First, speak to them personally and encourage them to enter into recovery. If they won’t listen to you, bring along somebody else who also sees the problem. If they won’t listen to the two of you, then gather together friends and members of their family and challenge them to enter into recovery. This intervention may also need to involve consequence, informing the addict that they must change or they will lose the support of their family and friends.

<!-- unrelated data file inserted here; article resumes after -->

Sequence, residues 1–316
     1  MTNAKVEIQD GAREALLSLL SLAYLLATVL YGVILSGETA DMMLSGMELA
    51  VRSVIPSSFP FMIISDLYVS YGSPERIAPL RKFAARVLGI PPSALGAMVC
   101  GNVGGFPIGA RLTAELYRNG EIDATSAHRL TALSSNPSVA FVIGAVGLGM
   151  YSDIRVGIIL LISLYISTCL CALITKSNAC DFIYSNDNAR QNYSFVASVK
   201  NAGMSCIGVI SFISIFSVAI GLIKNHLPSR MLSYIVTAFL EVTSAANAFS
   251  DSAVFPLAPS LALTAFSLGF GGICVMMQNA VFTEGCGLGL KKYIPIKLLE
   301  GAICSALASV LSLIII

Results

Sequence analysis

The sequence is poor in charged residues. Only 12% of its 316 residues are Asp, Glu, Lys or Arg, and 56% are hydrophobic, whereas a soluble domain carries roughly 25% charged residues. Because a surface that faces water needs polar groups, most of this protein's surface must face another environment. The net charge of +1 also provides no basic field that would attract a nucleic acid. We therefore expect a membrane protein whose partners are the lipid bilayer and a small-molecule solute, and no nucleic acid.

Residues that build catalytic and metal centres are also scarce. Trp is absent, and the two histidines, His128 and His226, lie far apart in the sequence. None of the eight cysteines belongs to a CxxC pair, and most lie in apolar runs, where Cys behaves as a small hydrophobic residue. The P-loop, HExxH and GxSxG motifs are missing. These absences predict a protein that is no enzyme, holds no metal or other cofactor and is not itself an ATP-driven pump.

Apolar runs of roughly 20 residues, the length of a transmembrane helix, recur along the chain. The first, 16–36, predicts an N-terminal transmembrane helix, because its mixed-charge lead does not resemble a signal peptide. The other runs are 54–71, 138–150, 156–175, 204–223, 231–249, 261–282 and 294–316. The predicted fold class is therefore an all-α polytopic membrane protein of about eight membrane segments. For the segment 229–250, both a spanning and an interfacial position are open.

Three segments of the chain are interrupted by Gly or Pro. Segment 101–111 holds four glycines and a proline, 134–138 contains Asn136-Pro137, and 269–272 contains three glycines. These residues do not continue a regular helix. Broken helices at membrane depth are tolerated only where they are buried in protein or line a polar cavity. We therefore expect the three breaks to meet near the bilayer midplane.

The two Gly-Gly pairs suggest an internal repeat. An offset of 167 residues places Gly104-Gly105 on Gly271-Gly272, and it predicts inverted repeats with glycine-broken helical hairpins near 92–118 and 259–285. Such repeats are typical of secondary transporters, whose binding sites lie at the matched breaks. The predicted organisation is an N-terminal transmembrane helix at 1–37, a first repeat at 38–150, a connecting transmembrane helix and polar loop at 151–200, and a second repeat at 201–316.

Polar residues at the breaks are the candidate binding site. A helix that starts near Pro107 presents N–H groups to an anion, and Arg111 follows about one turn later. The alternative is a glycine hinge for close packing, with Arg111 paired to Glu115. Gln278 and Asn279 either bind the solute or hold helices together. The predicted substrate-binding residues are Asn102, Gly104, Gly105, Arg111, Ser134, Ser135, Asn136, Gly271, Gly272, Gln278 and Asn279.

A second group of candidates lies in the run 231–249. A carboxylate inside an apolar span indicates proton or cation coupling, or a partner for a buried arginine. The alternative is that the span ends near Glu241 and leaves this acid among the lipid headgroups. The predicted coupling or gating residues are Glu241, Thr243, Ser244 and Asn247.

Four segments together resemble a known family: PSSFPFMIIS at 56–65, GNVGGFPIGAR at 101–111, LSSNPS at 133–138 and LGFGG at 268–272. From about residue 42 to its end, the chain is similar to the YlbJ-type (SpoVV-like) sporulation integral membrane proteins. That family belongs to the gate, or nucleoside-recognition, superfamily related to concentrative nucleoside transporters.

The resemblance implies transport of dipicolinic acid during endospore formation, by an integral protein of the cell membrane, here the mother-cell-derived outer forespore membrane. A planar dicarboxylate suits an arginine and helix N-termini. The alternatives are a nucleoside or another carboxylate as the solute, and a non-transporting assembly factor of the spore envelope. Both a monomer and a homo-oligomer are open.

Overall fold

When the addict agrees to enter into recovery, the next step will be determining how that recovery will progress. Some form of inpatient treatment may be needed, such as in a hospital or treatment center. It may be necessary for them to reside in the treatment center continually, or they may only need to spend part of each day there. In even less severe cases, outpatient treatment in which the recovering addict attends a certain number of treatment sessions each week may be sufficient. Individual or group therapy may be all that is needed. In the case of individual therapy, common models are Cognitive-Behavioral Therapy and Motivational Interviewing. Self-help groups such as Narcotics Anonymous or Smart Recovery are enough for some recovering addicts. The help of a professional may be needed to determine how intense the treatment needs to be.